Thursday, April 30, 2015

Historical society affecting the future

In a continuing effort to expose the wasteful and unethical behavior of the Arizona Historical Society, the following text was released to 750 news media contacts last week. The Arizona Range News (Wilcox) and the White Mountain Independent (Show Low) were among the first to publish it.

The Arizona Historical Society, a state funded agency, is having an effect on Arizona’s future, and it is not a good one. In 2010, the AHS gained control of the state owned Arizona Mining and Mineral Museum in Phoenix. At the time, 40,000 children per year were served in various ways by the museum’s K-12 earth science education programs. Memorable learning experiences at the mineral museum inspired some students to pursue careers in science and engineering. In early 2011, the AHS locked the doors, even though it continues to receive approximately a half million dollars of state money a year to operate the museum. The reason for the closure, which violated state statutes, has never been explained.

In 2015, the State Legislature voted to transfer all mineral museum assets to another state agency that is able and willing to restore the mineral museum and the K-12 education programs. Bipartisan support for the transfer was overwhelming. Only two representatives (out of 60) and three senators (out of 30) voted against the bill. Unfortunately, AHS lobbyists were able to persuade Arizona’s new Governor to veto the bill. The AHS wants to convert the building into an “event center” with restaurant and cocktail bar. Many suspect the goal sounds like a lounge for lobbyists on the Capitol Mall.

Professors in Arizona, Colorado, and Oregon report that universities in the USA are producing less than half the economic geologists that will be needed to support our industrialized economy. Arizona is the number one non fuel mining state in the USA and produces two thirds of the nation’s copper. Arizona will therefore be disproportionately damaged by a shortage of geologists. The AHS must not be permitted to damage education and the economy to pursue selfish interests that will only benefit lobbyists.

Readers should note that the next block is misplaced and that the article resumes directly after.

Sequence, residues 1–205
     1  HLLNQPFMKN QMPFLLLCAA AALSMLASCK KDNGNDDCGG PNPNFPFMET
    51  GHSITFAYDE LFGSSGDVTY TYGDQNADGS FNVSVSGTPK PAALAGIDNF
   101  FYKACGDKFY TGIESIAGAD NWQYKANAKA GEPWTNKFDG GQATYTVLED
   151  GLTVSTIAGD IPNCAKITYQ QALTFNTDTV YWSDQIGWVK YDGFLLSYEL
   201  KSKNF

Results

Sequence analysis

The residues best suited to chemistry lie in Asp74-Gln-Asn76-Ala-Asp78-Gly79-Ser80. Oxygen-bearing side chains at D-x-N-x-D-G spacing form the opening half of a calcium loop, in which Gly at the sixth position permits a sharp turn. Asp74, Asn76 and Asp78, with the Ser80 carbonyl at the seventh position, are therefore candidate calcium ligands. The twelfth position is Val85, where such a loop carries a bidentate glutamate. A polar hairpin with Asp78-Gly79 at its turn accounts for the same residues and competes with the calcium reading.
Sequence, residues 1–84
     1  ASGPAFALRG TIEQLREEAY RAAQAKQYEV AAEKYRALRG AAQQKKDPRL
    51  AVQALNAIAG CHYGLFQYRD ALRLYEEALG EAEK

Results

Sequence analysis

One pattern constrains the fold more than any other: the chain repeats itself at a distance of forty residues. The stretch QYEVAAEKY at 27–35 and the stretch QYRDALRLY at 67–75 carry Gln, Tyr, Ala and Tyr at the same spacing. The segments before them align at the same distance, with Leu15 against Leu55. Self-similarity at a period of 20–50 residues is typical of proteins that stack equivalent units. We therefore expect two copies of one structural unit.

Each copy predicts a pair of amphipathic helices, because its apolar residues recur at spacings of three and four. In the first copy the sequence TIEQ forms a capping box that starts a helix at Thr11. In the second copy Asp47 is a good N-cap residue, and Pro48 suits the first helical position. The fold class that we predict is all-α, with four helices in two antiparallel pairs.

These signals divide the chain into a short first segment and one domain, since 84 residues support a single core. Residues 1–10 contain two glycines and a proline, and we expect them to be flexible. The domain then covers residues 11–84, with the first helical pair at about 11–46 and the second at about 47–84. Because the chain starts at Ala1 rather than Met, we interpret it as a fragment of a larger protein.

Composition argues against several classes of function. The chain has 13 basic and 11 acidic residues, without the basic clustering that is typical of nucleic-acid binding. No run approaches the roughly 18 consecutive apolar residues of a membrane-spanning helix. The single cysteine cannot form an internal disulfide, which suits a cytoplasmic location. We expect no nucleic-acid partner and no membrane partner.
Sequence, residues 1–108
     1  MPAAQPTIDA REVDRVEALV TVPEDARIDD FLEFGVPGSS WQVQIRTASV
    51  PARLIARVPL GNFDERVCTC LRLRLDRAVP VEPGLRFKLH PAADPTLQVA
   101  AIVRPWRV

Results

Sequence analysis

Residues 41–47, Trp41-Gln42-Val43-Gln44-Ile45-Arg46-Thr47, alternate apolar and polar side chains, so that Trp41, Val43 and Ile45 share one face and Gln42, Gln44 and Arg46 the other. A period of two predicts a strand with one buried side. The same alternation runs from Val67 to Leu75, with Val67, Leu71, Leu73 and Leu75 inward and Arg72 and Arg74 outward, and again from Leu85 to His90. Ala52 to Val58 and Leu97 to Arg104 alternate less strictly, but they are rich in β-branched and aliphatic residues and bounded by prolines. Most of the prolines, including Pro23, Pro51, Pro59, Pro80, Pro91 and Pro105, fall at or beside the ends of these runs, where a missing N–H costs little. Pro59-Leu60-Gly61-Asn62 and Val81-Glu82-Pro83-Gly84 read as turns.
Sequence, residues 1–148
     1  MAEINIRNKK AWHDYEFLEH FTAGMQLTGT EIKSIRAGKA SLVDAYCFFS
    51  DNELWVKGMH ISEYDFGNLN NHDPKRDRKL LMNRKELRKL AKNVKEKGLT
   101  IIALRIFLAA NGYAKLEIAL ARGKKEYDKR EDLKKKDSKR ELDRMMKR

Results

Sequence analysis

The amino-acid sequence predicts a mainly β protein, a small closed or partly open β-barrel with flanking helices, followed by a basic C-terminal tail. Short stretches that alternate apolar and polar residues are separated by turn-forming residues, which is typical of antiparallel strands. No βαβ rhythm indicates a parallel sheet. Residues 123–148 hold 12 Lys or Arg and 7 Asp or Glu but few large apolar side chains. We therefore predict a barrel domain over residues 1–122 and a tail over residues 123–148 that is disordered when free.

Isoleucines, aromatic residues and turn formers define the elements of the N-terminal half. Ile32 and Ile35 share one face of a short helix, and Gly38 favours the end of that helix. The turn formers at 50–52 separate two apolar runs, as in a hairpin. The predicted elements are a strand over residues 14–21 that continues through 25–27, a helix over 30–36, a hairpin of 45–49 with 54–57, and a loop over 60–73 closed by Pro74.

Complete details are available on the blog Mineral Museum Madness at

Tuesday, April 28, 2015

Rewriting history

In a somewhat nonsensical response to an editorial in the Sierra Vista Herald, the AHS has attempted to defend its senseless destruction of the mineral museum. Not surprisingly, the response is filled with with misinformation and a distortion of history.

Annoyed with the following editorial in the Herald;

OUR VIEW: Let's end the honeymoon

The AHS submitted this response;

The Herald subsequently published the following rebuttal:

OUR READERS' VIEWS: AHS misreads history

Monday, April 27, 2015

Will the Governor listen to the children?

Children, along with teachers, parents, and grandparents, sent letters and emails to Governor Ducey in early 2015. They also made phone calls to request support for SB1200 (Mineral Museum Restoration).  They were very disappointed when the Governor vetoed the bill.

There were a lot of bills, and there was little time before the end of the Legislative session. The Governor could not possibly give individual attention to every bill. However, he did not veto that many bills. Before he vetoed SB1200, why did he only listen to AHS lobbyists? In view of the overwhelming bipartisan support for the bill in the Legislature, why did he not communicate with at least one supporter of mineral museum restoration?

Perhaps the story has to be taken to the people of Arizona, so that the people can  make it even more clear that they want a mineral museum rather than entertainment center for lobbyists. An excellent article by reporter Elizabeth Stuart of the New Times summarizes the current situation.  The link to the story is as follows:

Friday, April 24, 2015

Who are the Friends of the AZ Historical Society?

The March 24th post presented a document purportedly from the Friends of the AZ Historical Society.  The March 29th and April 10th posts provide detailed rebuttals of the statements in that document.

A copy of the April 10th rebuttal was sent to the address shown for the  Friends of the AZ Historical Society (101 N. 1st Ave, Phoenix) by USPS (snail mail). It came back with a notation of: "return to sender, not at this address."

The information in the Friends of the AZ Historical Society document was either misinformation or a lie, depending upon the knowledge of the writer.

Who are the  Friends of the AZ Historical Society?

Tuesday, April 21, 2015

Why the mineral museum must be reopened

The Arizona Historical Society cannot understand the value of the mineral museum. They are determined to replace it with an entertainment center. How will a lounge for lobbyists help Arizona?

The members of the AHS should consider some questions about the fututre:

Would they like the lights to come on when they flip the switch?

Would they like to own another new car someday, or would they just as soon learn to ride a horse?

Do they like the internet, or would they prefer to go back to using paper, quill pen, and pony express?

The link below describes a shortage of economic geologists that may eventually jeopardize our economy and lifestyle. Where will future economic geologists come from if K-12 students do not have an opportunity to be exposed to mineral science education programs?